Lawsuit: Tesla autopilot feature accelerated on its own, causing crash

Joseph Geha, The Mercury News on

Published in Business News

A 2017 Tesla Model S sedan on autopilot mode suddenly began to accelerate on its own as it headed toward a highway offramp, ran off the road and crashed into a tree, according to a lawsuit filed by the driver.

Tesla’s autopilot mode, which the electric carmaker claims allows its vehicles to steer, accelerate and brake automatically in their lanes, is “at best a work in progress,” the lawsuit says.

Christopher Hinze, of Washington D.C., is seeking an unspecified amount of damages from Tesla for liability, negligence and breach of warranty.

His federal suit says Hinze suffered “catastrophic” injuries including shattered and fractured vertebrae and chest pain from the June 20, 2020 accident while driving his friend’s Tesla. The injuries required emergency spinal fusion surgery, and weeks of hospitalized recovery time.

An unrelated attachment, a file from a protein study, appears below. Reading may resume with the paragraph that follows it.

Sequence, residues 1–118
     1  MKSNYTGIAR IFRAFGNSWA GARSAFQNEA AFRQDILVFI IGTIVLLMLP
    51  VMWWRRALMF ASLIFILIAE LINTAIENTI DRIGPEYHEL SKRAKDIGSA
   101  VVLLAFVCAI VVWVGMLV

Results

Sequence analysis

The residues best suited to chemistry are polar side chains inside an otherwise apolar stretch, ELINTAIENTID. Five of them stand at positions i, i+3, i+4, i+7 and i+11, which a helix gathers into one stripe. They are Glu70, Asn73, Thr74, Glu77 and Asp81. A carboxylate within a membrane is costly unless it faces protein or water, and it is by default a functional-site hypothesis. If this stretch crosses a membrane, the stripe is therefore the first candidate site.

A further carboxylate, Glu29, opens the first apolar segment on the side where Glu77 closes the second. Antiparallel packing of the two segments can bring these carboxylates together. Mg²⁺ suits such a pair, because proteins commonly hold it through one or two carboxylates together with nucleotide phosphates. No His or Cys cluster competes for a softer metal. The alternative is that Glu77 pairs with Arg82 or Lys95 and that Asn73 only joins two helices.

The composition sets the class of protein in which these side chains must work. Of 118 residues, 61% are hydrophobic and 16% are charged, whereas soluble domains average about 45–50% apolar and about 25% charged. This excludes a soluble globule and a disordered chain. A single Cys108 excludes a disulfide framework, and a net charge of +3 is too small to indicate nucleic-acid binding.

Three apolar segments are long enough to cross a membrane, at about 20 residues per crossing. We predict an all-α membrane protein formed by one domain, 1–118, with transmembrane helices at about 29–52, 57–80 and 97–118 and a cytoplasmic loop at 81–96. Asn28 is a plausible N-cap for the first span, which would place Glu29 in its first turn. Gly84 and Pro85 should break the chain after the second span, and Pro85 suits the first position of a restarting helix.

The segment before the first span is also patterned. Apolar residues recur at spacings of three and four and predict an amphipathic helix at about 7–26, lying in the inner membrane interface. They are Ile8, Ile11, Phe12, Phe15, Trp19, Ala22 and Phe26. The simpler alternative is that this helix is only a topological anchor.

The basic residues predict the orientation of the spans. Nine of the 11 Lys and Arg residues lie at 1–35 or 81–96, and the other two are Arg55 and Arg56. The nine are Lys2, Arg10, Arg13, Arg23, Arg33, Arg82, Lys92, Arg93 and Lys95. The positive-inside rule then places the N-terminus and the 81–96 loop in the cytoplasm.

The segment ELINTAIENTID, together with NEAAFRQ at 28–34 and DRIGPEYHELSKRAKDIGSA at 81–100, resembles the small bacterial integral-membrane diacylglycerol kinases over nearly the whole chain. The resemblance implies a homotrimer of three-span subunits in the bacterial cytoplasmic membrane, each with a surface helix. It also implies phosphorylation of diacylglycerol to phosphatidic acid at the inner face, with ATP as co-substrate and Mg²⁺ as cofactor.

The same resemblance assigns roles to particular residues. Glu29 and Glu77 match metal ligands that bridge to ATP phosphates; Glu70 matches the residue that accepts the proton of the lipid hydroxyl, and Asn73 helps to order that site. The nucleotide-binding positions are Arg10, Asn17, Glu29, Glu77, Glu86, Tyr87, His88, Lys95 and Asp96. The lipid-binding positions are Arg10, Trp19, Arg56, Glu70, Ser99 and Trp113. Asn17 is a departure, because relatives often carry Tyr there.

“This isn’t an isolated incident,” David Wright, an attorney for the Southern California law firm McCune Wright Arevalo LLp, said in an interview Thursday.

The suit alleges that, unlike some other Tesla crashes involving the autopilot feature, Hinze was “actively and consciously maintaining active supervision of the vehicle, including keeping his hands on the steering wheel,” as Tesla recommends, when the car veered off the roadway.


Hinze activated a turn signal and the car merged into an exit lane, heading toward an interchange from Interstate 495 onto Route 123, which includes a “significant curve,” the suit says.

“Based on Tesla’s representations regarding the Autopilot feature and its performance during the journey so far, (Hinze) reasonably expected that the vehicle would be able to successfully navigate the transition road between the two freeways and proceed with the trip,” the suit says.

But in “a split second at the beginning of the curve,” Hinze recognized the Tesla was not going to reduce speed and make the turn.

Though Tesla says its autopilot does not mean “autonomous,” and that drivers must actively supervise the vehicle, Tesla’s website says the product “enables your car to steer, accelerate and brake automatically within its lane.”


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